TOKYO // Japan’s prime minister Shinzo Abe said late on Saturday that Japan was still working to free two hostages held by ISIL while calling a new online video about their fate “outrageous and unforgivable.”
The purported message claimed one of the Japanese hostages had been killed and demanded a prisoner exchange for the other. But the post was deleted quickly on Saturday, and militants on a website affiliated with ISIL disagreed about the message’s authenticity.
the Associated Press could not verify the contents of the message, which varied greatly from previous videos released by ISIL, which now holds a third of both Syria and Iraq.
Citing the release of the photo purporting to show hostage Haruna Yukawa had been killed, Mr Abe said after a cabinet meeting: “Such an act of terrorism is outrageous and unforgivable. We feel strong resentment, and strongly condemn the act.”
Defense minister Gen Nakatani said officials were still working to verifying the video and a photo shown on it.
Patrick Ventrell, a spokesman for the White House National Security Council, said US intelligence officials were working also to confirm whether it was authentic. “We stand in solidarity with Japan and are coordinating closely,” he said, and called for the immediate release of people held by ISIL.
Mr Abe said the government of Japan will not succumb to terrorism and will continue to cooperate with the international community in the fight against terrorism. He said Japan is still taking every possible step to win the release of both hostages and will continue the effort.
ISIL had threatened on Tuesday to behead the men within 72 hours unless it received a $200 million ransom.
Japan has scrambled for a way to secure the release of 47-year-old Kenji Goto, a journalist, and Yukawa, a 42-year-old adventurer fascinated by war. Japanese diplomats had left Syria as the civil war there escalated, adding to the difficulty of contacting the militants holding the hostages.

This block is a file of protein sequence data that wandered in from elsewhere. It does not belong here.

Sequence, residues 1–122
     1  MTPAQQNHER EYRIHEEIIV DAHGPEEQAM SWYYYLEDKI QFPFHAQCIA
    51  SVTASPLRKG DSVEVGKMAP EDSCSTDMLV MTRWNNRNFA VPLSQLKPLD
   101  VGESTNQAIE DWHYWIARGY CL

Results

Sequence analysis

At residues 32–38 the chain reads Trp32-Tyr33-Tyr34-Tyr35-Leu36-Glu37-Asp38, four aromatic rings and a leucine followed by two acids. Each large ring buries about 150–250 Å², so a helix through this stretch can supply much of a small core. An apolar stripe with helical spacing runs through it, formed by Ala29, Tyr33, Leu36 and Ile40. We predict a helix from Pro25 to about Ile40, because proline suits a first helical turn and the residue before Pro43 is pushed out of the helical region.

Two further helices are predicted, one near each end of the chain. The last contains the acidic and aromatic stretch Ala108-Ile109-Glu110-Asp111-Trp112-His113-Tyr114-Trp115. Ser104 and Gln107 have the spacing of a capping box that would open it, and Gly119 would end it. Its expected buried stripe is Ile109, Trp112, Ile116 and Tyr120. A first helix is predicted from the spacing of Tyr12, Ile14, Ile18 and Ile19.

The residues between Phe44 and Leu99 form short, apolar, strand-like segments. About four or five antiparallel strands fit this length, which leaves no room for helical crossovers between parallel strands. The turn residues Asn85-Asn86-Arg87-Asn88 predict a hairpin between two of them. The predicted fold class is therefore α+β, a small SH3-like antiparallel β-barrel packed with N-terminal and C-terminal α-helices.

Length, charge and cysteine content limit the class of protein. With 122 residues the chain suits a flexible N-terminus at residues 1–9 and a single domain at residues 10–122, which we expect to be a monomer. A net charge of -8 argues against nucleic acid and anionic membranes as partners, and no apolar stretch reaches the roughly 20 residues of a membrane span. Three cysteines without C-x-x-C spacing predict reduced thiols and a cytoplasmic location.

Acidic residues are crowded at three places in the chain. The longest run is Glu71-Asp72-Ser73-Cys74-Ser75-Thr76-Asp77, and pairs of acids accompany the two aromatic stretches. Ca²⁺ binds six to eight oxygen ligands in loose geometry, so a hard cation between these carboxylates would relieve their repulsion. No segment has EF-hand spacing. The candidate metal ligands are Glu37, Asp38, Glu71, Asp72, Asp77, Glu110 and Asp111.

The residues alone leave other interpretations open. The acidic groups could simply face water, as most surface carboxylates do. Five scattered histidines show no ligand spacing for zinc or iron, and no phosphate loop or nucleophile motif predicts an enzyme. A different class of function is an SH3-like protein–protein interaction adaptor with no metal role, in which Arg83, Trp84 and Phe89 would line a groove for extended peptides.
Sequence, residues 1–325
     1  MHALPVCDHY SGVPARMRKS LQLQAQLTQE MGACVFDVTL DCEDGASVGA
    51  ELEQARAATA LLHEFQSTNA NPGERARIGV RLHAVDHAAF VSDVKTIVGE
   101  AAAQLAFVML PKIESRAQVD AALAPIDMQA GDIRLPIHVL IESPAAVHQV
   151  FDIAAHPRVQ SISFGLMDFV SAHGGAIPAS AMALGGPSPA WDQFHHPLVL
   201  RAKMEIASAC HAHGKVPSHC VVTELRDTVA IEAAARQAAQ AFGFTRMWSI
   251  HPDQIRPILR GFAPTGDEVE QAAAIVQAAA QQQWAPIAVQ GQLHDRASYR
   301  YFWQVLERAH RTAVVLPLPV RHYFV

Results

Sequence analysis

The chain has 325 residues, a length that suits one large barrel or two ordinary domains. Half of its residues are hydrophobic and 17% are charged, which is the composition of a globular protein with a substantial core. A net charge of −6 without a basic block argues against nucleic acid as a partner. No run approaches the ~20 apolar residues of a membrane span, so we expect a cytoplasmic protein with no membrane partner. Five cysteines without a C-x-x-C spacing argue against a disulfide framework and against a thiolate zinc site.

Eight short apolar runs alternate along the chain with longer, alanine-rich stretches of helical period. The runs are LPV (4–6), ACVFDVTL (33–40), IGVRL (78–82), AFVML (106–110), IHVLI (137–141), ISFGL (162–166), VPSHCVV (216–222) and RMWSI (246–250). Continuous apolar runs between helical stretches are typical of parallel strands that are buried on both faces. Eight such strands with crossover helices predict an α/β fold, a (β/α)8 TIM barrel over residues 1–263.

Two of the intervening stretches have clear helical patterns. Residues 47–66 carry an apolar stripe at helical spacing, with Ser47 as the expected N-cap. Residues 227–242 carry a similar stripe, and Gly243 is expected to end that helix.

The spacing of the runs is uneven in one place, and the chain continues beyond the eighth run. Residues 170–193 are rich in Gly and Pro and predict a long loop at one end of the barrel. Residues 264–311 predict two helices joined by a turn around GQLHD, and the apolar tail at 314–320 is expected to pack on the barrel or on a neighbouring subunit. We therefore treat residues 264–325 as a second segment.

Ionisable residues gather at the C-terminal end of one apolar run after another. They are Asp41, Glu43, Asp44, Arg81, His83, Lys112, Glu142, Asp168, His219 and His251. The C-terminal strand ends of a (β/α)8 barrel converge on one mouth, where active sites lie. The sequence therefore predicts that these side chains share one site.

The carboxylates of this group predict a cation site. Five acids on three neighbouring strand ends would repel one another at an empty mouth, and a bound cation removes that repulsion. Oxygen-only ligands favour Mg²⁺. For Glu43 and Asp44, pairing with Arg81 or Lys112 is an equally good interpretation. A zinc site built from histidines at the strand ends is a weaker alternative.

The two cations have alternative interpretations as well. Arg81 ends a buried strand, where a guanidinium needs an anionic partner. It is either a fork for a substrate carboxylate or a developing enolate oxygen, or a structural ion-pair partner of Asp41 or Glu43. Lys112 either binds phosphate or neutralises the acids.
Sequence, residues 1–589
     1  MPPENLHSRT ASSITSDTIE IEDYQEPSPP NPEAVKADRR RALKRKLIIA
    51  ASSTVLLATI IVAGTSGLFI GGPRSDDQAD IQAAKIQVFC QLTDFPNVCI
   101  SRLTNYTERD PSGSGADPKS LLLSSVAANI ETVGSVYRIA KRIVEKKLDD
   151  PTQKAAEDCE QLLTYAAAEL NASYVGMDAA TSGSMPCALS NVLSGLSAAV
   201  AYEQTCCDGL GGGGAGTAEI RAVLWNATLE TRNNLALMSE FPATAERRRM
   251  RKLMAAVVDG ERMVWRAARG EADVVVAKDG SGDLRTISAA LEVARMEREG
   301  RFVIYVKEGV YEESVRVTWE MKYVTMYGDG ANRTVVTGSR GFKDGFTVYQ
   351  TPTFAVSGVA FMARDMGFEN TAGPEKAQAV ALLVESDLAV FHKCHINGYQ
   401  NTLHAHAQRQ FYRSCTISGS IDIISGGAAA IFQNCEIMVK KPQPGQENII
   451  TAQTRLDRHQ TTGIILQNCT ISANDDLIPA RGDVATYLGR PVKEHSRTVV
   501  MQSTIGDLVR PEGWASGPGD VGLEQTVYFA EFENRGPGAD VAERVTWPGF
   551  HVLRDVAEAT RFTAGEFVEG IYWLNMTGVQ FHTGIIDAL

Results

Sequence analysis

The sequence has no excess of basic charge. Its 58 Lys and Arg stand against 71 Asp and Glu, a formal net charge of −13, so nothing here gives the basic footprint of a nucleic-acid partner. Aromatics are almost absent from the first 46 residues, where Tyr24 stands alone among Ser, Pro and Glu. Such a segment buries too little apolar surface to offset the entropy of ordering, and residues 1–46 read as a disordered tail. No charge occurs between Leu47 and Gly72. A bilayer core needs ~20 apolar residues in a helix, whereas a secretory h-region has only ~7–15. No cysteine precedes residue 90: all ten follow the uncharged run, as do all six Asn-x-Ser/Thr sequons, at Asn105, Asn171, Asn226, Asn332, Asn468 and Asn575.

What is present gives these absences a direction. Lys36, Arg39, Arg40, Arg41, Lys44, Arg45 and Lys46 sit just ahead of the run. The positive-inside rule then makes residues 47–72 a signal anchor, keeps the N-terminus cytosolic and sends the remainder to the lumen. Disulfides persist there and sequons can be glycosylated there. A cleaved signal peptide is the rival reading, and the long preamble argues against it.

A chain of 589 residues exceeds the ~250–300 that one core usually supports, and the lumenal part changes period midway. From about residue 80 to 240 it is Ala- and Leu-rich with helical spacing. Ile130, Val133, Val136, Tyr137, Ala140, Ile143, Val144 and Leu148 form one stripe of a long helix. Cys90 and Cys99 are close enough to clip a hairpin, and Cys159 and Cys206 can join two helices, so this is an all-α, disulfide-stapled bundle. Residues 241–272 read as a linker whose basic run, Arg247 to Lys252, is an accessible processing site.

Mr Abe had a telephone call with Jordanian King Abullah II on Saturday, the state-run Petra news agency reported, without elaborating on what they discussed. He also called the two hostages' families.
One militant on an ISIL-affiliated website warned that Saturday’s new message was fake, while another said that the message was intended only to go to the Japanese journalist’s family.
A third militant on the website noted that the video was not issued by Al Furqan, which is one of the media arms of ISIL and has issued past videos involving hostages and beheadings. Saturday’s message did not bear Al Furqan’s logo.
Kyodo News agency reported that the same video has been emailed to the wife of one of the hostages.
Japanese officials have not directly said whether they are considering paying any ransom. Japan has joined other major industrial nations in opposing ransom payments. US and British officials said they advised against paying.
* Associated Press